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Ultimatum for Gadhafi forces: Surrender in 4 days

Libya's interim leader gave forces loyal to deposed ruler Moammar Gadhafi a four-day deadline on Tuesday to surrender or face a bloody end to a rebellion that killed 50,000.
Libyan rebel fighters prepare to patrol the village of Heisha on Tuesday.
Libyan rebel fighters prepare to patrol the village of Heisha on Tuesday.Sergey Ponomarev / AP
/ Source: news services

Libya's interim leader gave forces loyal to deposed ruler Moammar Gadhafi a four-day deadline on Tuesday to surrender towns they still control or face a bloody end to a war that the new leadership said has so far killed 50,000 people.

Anti-Gadhafi forces have converged on Sirte from east and west, but have stopped short of an all-out assault in hopes of arranging a negotiated surrender of Gadhafi's birth-place.

"By Saturday, if there are no peaceful indications for implementing this, we will decide this matter militarily. We do not wish to do so but we cannot wait longer," Mustafa Abdel Jalil, head of Libya's interim council, told a news conference.

In Benghazi, headquarters of the anti-Gadhafi National Transtional Council during the uprising, military spokesman Colonel Ahmed Bani said the negotiations over Sirte involved tribal elders, not Gadhafi loyalists themselves.

The loyalists were thwarting the desire of most civilians to join the liberated areas, he said.

"Zero hour is quickly approaching," Bani said.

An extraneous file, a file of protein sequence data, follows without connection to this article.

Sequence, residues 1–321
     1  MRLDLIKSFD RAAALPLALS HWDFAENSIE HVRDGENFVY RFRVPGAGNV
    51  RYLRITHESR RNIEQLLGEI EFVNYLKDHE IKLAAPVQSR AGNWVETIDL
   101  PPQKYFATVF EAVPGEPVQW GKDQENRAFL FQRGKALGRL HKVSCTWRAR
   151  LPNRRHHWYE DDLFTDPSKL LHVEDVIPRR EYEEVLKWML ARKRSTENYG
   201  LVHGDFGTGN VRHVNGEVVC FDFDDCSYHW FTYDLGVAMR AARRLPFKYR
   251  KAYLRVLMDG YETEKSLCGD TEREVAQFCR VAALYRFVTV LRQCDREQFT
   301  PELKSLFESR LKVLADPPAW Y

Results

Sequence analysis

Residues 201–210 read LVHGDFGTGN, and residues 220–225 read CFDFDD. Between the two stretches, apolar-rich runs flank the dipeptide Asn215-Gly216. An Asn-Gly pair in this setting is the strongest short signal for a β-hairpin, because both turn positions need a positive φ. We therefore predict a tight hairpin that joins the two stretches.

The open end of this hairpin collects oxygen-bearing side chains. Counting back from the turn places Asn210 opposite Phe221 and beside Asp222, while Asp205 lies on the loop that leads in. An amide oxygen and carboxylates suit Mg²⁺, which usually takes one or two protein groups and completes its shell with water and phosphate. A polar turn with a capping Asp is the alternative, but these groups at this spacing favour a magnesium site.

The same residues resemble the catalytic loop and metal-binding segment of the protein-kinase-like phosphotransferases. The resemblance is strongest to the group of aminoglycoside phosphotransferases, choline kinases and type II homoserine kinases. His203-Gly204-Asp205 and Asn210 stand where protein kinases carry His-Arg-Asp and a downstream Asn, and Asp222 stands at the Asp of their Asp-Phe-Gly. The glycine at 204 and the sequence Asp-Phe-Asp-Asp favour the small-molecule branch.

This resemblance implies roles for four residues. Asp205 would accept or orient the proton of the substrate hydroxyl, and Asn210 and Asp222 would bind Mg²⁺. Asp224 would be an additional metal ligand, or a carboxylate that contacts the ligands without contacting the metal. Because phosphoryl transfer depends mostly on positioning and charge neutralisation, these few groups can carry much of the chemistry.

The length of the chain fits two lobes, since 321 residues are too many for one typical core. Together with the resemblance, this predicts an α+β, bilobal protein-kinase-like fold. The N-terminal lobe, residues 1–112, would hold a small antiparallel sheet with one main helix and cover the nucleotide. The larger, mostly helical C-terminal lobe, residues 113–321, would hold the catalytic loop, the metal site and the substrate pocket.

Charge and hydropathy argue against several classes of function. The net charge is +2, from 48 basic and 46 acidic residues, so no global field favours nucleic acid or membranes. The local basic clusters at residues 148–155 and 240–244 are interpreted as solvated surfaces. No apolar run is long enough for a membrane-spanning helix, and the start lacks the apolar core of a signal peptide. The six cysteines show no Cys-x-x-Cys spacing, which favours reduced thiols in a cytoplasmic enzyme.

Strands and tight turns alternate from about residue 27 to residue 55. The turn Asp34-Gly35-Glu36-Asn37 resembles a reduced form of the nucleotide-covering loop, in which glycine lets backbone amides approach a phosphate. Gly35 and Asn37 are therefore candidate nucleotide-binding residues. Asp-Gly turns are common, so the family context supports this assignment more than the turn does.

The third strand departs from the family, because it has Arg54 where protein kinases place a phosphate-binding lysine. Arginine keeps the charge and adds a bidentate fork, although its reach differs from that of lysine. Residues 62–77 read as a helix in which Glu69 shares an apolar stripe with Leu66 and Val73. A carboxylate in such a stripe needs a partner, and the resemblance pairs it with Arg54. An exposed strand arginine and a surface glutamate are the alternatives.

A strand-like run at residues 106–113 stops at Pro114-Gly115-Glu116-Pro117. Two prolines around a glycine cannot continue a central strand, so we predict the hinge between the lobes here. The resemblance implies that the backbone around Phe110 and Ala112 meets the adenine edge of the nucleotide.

In an overnight phone call to AP headquarters in New York, Gadhafi's chief spokesman, Moussa Ibrahim said the rebels' ultimatium would be rejected.

"No dignified honorable nation would accept an ultimatum from armed gangs," he said. Ibrahim reiterated Gadhafi's offer to send his son al-Saadi to negotiate with rebels and form a transitional government.

The spokesman also claimed that a Tuesday afternoon missile attack on the regime stronghold of Sirte had killed 1,000 people and left scores more injured during public prayers marking Eid. He said 12 missiles were fired, possibly from airplanes seen circling overhead.

At forward positions of NTC forces, on the main coastal road some 60 miles west of Sirte, a Reuters correspondent saw little sign of military action on Tuesday.

Returning to normal
Rebel leaders insisted they are slowly restoring order in the war-scarred capital of Tripoli after a week of fighting, including deploying police and collecting garbage. Reporters touring Tripoli still saw chaotic scenes, including desperate motorists stealing fuel from a gas station.

In the capital's Souk al Jumma neighborhood, about 200 people pounded on the doors of a bank, demanding that it open. Civil servants said they were told they would receive a 250-dinar (about $200) advance on their salaries for the three-day Muslim holiday of Eid al-Fitr, which starts Wednesday in Libya.

Six months of fighting has left some 50,000 dead, one anti-Gadhafi commander said, an estimate that was hard to verify and which, he said, included many people who had gone missing.